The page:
The Apostle Paul gives further clarification on the doctrine of lust:
For this is the will of God, your sanctification: that you should abstain from sexual immorality; that each of you should know how to possess his own vessel in sanctification and honor, not in passion of lust, like the Gentiles who do not know God; that no one should take advantage of and defraud his brother in this matter, because the Lord is the avenger of all such, as we also forewarned you and testified.
-1 Thessalonians 4:3-6 (NKJV)
Once again, we see that lust is the precursor to plundering what rightfully belongs to your brother (his wife.)
“His own vessel” is most likely a reference to a man’s wife. This is consistent with the Proverbs imagery of the man being a “fountain” and “streams of water” and the woman being a “well” (i.e. a deep hollow container used to hold water.)
Paul’s concern here is that a man does not use another man’s wife for his own sexual pleasure. In a lawless Gentile society, a strong man (i.e. alpha) can use the wife of a weaker man (i.e. beta.) Or a crafty man can seduce (or be seduced by) a woman with an absent husband. But this is a cruel thing to do to a brother.
Instead, Paul wants each man to know how to possess his own “vessel.”
This teaching is nothing new. It’s exactly what King Solomon taught in Proverbs 5:
Drink water from your own cistern
And fresh water from your own well.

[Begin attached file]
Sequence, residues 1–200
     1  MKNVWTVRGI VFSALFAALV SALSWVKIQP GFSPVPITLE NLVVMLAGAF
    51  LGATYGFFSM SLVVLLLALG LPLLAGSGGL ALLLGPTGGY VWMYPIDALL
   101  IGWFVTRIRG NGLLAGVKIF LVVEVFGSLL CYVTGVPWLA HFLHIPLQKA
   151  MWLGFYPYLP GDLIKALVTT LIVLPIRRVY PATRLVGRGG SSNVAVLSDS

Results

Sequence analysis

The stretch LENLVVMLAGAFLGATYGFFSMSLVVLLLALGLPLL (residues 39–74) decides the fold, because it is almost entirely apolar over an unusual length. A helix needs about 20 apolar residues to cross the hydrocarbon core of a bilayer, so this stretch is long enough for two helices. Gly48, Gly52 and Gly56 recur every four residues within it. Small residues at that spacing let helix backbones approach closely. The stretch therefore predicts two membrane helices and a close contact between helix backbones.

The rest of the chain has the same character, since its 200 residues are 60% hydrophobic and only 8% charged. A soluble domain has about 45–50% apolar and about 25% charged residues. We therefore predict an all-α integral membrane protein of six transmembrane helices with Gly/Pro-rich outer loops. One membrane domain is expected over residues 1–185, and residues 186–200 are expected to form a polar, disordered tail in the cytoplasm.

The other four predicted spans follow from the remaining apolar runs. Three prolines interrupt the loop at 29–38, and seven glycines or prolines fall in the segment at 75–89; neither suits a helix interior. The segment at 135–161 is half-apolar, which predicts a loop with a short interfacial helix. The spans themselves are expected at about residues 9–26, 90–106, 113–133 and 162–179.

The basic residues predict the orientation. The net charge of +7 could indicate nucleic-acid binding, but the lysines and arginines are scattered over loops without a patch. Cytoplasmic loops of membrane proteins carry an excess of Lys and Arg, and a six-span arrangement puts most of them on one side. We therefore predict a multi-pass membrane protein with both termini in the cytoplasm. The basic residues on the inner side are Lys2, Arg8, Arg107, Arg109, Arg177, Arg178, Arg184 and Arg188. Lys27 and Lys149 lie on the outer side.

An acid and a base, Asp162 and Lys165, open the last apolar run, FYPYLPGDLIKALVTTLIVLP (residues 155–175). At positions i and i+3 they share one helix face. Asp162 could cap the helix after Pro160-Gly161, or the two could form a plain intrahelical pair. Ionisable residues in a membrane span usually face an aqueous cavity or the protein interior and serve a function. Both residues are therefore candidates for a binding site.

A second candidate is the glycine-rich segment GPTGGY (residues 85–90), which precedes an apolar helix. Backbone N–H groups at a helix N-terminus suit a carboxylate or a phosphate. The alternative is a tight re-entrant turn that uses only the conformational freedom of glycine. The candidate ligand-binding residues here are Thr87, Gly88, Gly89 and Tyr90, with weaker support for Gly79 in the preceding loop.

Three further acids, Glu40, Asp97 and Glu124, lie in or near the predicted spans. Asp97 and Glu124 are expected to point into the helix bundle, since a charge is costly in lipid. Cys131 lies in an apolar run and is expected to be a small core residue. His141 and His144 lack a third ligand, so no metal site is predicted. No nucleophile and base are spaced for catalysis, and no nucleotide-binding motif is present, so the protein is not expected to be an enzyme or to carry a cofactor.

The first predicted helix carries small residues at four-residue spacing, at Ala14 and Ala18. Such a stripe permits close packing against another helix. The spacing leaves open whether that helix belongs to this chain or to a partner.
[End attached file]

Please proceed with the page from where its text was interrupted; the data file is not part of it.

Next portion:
Should your springs be dispersed abroad,
Streams of water in the streets?
Let them be yours alone
And not for strangers with you.
Let your fountain be blessed,
And rejoice in the wife of your youth.
As a loving hind and a graceful doe,
Let her breasts satisfy you at all times;
Be exhilarated always with her love.
For why should you, my son, be exhilarated with an adulteress
And embrace the bosom of a foreigner?
It is probable that Paul used this very Scripture to instruct the Thessalonians. His letter is merely reminding them to continue in what they were taught.
In sum, Paul’s teaching on sexuality has three points:
- Don’t use prostitutes (or other forms of “casual sex”)
- Don’t use other men’s wives
- Learn to take possession of your own wife
Furthermore, there is evidence that Paul was likely married at an earlier point in his life… and thus no stranger to both the challenges and the bliss of married sexuality.